Monday, 16 June 2014

How to maintain a well-flowing team, even with the odd icy relationship

What prevents icy relations between two team members chilling the climate for everyone? New research suggests that it’s not enough simply to have plenty of chances to communicate. Instead, teams that cope with a touch of frost carry out work where everyone sinks or swims together, and have “high quality social exchange”: simply put, they care about each other’s needs and achievements.

Jeroen Jong of the Open University of the Netherlands and his Tilburg University collaborators surveyed members of 73 teams from eight European organisations. Each team was coded as to whether any member had a negative attitude towards one or more other members (“dislike” or “dislike a lot” on a four-point scale), with 44 per cent of teams encompassing at least one such negative attitude.

The researchers predicted even a single negative relationship would disrupt team cohesion and reduce performance. However, they believed this harm could be ameliorated by three factors: frequent in-team communication; interdependent working; and high-quality social exchange. They reasoned that team members who communicate with each other have more avenues to process and respond to tensions and conflicts when they arise; that teams who work more interdependently have to find ways to live with issues; and teams that have high-quality social exchange are oriented towards restoring harmony or accepting difference with grace. Each of these factors was rated by team-members and averaged to create a trio of team scores.

The data confirmed that any negative dynamic within a team tended to erode its cohesion and reduce performance. But for both highly interdependent teams and those with high quality interactions, these harmful effects disappeared. Surprisingly perhaps, high in-team communication did not ameliorate the harm of frosty relations. Jong and his collaborators wonder whether communication might be more important for buffering against negativity arising in the first place, rather than for dealing with it when it occurs. However, this wasn’t directly tested. I’d also be interested whether there was a 3-way interaction: could cohesion be worst of all when a team contains a negative relationship, team members communicate incessantly, but this chat is characterised by low-quality interactions (including disinterest in wellbeing and each others contributions)?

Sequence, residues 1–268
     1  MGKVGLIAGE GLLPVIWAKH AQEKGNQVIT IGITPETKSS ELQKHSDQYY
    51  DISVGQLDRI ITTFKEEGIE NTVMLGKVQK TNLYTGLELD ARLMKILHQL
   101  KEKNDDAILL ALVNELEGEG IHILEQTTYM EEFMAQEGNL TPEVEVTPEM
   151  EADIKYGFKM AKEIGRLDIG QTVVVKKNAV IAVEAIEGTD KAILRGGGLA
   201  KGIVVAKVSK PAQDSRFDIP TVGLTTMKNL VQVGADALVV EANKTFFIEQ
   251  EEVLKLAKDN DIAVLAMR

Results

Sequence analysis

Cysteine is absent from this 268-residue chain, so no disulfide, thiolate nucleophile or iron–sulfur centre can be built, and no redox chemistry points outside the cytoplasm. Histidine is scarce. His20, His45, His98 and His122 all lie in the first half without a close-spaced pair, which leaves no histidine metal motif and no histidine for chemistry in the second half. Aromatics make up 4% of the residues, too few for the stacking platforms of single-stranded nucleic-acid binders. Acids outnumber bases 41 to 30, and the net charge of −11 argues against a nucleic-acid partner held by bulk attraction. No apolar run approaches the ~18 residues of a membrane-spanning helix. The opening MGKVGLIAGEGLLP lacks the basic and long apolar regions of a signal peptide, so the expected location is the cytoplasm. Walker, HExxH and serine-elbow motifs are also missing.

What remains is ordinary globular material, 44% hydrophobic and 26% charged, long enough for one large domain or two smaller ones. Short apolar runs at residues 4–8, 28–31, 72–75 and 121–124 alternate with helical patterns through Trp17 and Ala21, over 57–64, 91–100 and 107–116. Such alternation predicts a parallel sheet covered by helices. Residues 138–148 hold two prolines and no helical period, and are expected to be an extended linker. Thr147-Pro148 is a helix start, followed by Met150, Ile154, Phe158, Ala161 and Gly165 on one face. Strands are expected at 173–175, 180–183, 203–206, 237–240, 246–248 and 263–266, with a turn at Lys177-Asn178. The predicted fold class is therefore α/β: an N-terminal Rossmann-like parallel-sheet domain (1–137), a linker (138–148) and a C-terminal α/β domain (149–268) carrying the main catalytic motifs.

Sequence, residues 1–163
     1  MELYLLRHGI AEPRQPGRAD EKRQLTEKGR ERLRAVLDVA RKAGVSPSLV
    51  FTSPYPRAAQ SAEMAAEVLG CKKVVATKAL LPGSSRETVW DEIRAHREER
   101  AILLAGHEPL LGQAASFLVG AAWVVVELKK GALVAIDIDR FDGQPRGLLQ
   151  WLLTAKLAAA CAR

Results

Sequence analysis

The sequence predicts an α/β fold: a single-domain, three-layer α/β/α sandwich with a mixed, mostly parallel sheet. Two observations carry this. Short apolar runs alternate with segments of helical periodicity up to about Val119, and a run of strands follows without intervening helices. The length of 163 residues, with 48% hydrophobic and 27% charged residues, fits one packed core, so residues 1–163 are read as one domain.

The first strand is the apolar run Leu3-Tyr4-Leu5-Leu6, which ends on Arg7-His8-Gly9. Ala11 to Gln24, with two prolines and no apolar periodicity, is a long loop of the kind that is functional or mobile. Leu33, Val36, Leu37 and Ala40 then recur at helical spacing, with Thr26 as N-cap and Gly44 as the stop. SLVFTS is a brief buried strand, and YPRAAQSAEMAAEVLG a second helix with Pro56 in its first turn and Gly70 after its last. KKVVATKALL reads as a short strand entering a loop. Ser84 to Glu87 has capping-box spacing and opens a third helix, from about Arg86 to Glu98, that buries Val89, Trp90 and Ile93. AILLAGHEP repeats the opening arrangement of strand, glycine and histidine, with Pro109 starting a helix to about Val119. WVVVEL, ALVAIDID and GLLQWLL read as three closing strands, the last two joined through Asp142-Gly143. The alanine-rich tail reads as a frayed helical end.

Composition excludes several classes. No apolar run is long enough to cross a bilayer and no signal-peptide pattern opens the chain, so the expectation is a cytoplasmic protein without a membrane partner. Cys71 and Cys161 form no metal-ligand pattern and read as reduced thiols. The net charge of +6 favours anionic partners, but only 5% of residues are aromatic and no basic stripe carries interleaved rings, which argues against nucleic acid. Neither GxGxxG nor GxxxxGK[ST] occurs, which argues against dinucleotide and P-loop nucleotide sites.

This study suggests that local issues within a team - the feelings between two members - can “trickle up” to affect the team as a whole. Yet top-level features such as interdependent work tasks can push right back, and can be strong enough to hold problems in check, preventing a bad apple or two from spoiling the whole barrel.
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  ResearchBlogging.orgde Jong, J., Curşeu, P., & Leenders, R. (2014). When do bad apples not spoil the barrel? Negative relationships in teams, team performance, and buffering mechanisms. Journal of Applied Psychology, 99 (3), 514-522 DOI: 10.1037/a0036284

Post written by Alex Fradera (@alexfradera) for the BPS Research Digest.

1 comment:

Dhanashree Lale said...

It is an interesting study. I myself have seen this happening... however, then the context was not of downsizing. I believe that this can happen anywhere in any situation and with anyone with a low self esteem, less belief in self and less mental strength. In organizations, where bureaucracy is prevalent, where your success/failure or your career depends largely in the hands of your superior, these things happen most often. Everyone plays a role in not letting it happen - however, the most important one there is an organization which can create mechanisms for reporting and punishing such abuse.

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